The collateral damage of FCC Internet regulation 

There is no example in the history of the planet that compares with the juggernaut of information technology unleashed by the granting of Internet independence from government control on April 30, 1995. What followed was the stunning success of the thousand-fold expansion of new communication capacity and services.


The Federal Communications Commission would be hard-pressed to identify a similar regulatory success story over the same period. The disconnect from reality only possible inside the Washington beltway nonetheless leads the commission on a path to impose a failed regime of government industrial policy on the Internet.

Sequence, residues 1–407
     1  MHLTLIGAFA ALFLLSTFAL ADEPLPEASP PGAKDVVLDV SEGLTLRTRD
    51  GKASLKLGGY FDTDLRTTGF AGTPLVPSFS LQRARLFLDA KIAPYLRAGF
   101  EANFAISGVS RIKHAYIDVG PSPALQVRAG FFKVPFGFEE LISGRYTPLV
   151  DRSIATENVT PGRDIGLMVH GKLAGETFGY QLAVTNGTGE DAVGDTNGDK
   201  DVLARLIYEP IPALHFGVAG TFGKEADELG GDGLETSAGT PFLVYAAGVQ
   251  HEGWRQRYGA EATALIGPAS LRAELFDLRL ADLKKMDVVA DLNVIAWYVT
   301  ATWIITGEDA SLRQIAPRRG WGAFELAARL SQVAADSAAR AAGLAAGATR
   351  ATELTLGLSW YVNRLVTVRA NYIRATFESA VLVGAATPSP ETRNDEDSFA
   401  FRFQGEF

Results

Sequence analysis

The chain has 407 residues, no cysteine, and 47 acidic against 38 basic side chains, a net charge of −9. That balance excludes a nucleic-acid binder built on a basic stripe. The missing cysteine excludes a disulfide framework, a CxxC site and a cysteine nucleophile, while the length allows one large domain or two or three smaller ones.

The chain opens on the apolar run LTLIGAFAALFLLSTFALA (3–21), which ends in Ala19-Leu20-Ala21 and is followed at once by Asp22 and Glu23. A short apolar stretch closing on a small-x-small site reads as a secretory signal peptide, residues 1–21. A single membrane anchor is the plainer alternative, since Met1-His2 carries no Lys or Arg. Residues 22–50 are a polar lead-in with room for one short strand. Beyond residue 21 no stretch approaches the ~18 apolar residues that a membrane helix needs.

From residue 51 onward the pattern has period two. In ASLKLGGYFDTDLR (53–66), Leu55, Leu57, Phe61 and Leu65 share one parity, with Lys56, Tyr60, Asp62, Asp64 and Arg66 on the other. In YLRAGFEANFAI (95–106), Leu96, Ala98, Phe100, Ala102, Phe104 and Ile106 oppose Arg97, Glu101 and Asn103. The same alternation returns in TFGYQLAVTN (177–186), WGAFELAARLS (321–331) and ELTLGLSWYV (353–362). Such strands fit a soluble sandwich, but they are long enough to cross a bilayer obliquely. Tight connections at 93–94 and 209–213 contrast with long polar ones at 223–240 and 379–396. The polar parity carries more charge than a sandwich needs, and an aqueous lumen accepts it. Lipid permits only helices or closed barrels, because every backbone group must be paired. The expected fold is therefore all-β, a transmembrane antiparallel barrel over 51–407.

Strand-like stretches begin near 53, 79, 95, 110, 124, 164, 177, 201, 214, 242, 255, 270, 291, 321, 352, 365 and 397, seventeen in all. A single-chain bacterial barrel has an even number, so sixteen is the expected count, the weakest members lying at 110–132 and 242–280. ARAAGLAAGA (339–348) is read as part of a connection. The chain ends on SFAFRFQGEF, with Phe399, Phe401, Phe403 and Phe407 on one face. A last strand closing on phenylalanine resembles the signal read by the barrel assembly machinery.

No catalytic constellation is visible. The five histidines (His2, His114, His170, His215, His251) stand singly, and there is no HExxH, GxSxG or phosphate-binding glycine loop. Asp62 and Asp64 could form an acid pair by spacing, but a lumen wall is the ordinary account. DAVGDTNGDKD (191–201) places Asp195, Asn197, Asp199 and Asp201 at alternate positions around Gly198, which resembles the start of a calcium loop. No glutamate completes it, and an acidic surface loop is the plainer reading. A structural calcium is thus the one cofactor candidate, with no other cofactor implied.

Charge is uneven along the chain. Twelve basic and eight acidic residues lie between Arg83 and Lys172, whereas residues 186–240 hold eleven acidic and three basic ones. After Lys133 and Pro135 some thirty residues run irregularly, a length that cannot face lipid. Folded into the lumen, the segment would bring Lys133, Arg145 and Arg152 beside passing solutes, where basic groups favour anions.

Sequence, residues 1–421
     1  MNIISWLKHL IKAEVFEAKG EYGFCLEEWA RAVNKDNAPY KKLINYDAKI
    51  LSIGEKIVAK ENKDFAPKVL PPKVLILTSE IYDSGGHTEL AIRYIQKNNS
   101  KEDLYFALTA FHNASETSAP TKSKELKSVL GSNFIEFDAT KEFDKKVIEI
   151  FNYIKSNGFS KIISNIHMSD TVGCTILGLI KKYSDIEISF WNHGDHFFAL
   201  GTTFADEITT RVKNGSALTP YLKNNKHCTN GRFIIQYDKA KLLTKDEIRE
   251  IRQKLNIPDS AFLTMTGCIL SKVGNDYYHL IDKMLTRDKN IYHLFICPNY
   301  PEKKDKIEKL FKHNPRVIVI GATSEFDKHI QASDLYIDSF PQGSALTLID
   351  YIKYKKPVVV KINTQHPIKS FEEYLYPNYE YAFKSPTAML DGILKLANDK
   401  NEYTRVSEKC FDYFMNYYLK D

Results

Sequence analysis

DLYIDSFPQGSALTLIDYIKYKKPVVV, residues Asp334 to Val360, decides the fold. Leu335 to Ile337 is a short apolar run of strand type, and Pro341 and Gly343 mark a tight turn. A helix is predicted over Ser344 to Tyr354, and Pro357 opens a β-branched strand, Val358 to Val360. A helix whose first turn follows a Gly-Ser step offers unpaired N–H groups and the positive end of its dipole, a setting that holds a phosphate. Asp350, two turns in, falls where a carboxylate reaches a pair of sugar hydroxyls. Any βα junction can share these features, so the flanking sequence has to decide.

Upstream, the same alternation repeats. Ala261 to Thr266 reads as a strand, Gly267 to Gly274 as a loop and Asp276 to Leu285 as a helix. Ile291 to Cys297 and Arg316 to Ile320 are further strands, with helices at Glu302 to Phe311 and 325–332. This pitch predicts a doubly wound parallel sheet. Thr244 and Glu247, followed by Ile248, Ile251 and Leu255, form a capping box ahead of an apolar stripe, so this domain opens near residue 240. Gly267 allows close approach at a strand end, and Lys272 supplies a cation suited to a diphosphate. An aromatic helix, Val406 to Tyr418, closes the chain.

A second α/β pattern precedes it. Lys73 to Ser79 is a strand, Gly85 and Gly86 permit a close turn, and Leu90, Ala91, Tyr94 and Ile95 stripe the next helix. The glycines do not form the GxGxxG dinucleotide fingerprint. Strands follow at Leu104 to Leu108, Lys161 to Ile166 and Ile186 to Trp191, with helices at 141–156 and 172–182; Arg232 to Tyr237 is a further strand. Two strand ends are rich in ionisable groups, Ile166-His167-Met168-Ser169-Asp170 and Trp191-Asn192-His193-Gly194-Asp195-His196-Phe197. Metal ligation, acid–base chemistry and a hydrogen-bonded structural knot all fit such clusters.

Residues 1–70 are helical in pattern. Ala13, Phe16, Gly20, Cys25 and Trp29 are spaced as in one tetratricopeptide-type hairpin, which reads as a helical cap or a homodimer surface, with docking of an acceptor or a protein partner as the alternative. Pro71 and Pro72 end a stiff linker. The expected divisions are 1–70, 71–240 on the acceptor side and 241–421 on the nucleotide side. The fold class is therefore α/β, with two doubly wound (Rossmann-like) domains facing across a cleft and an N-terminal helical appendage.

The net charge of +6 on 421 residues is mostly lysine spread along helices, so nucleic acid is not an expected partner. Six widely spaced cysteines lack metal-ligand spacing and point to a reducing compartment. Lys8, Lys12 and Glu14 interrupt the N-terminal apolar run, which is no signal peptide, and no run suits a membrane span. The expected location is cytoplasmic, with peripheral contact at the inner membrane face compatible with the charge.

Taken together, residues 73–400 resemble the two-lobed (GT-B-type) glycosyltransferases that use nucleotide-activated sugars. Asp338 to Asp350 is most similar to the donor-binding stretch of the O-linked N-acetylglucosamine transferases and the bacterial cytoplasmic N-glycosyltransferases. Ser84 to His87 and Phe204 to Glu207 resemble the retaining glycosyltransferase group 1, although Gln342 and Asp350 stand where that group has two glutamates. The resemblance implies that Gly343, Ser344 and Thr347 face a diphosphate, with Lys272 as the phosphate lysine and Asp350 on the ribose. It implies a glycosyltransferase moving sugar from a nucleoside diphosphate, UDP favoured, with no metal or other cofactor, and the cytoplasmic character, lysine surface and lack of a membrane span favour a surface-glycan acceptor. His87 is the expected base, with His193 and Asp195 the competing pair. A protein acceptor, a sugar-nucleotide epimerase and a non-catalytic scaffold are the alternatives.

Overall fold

On June 12, 2015, the Open Internet Order from the Federal Communications Commission will take effect, regulating the Internet in the same way that monopoly voice telephone service was first regulated in the 1930s. The utter incongruity of declaring Internet and telephone networks equivalent threatens the entire economy — not just the Internet service providers. The uniformly anti-innovation 80-year track record of Title II regulations threatens all uses of the Internet, from looking up information about how to grow organic tomato plants to the expanding uses of cloud services.


The collateral damage of FCC Internet regulation |

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